I like Glenn Kelman. Always have. Whether you love or loathe Redfin, you gotta acknowledge his commitment, passion and wonderful strangeness.
Interestingly, taking his company public seems to have stoked his unconventional fires, not doused them.
If you haven’t watched his interview with RealScout’s Andrew Flachner last week on Inman, you should. It’s really good. You will witness the CEO of a publicly traded real estate company:
- Use the word “gonads” and “turd” (I hadn’t heard the former from anyone since around 6th grade).
- Question the mortgage interest deduction.
- Honor all who work in real estate with a poetic riff on purpose: “If you have to sell something, why not sell homes? …”
- Laugh. A lot.
Most CEOs are really good at saying nothing, even when questioned pointedly. Glenn said a ton – practically effused – when faced with good but relatively easy questions.
My point: I think the industry can learn from a person who speaks differently and shares, maybe too freely, what he’s facing as he continues on his real estate ride.
Facebook launched an “ad product for real estate” in August.
It sounded like a big deal. One of the few companies on earth that could upend both Zillow and the real estate brokerage industry had turned its gaze toward our vertical.
But the product made no sense to me. And I’m still struggling to understand what’s going on here.
Basically, the product – Dynamic Ads for Real Estate – makes it possible for a brokerage to retarget people who have visited their company website with ads inside Facebook and Instagram that feature listings. It’s automated and scalable.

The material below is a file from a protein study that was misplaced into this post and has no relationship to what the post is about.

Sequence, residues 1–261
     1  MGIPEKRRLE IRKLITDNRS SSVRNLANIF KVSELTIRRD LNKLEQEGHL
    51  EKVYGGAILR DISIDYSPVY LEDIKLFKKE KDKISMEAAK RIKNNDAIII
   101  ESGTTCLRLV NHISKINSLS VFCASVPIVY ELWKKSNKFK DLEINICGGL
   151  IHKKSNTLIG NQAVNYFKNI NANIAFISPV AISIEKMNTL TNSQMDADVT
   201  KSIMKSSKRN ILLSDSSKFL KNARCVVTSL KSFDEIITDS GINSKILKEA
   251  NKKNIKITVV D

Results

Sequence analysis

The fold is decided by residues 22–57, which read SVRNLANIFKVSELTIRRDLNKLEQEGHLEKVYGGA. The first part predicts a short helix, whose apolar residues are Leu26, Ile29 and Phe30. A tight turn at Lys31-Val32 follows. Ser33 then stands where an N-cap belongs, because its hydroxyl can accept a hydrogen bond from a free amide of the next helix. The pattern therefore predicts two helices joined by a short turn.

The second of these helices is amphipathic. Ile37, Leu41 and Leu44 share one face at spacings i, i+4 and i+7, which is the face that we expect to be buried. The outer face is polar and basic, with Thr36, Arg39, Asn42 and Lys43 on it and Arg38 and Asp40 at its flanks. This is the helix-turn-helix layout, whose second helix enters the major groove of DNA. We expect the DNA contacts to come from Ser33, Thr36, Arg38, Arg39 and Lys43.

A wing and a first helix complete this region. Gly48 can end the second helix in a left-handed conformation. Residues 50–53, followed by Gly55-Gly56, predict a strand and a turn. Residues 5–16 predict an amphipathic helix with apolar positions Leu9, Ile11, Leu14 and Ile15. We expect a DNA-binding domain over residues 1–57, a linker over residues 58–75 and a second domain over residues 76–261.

OK, cool. But here’s the thing: advertising doesn’t sell houses. Never has. Real estate agents, working together, sell houses (Homes aren’t sold, or even “advertised”, on Zillow either; agents are – but that’s another post).
A brokerage running these ads might be able to get some clicks, or impress some of its agents. It would certainly rack up a lot of “brand impressions” of indeterminate value. But if you believe the product is off – and I think that it is – then calculating ROI is impossible because you don’t even really know what you’re investing in.
Facebook has been hovering around the industry in noticeable ways for about the past 18 months. And these people are really smart. Was this product a small first step, then? Or just a quick mod to their e-commerce ad product to test the waters and make a little noise?
I hope it’s the former.
Zillow’s 2017 housing trends report is really impressive. I’ve read darn near all of it, for the same reason that I read almost everything NAR’s research department puts out: you can never know your customer, or your customer’s customer, too well.
Have a great weekend.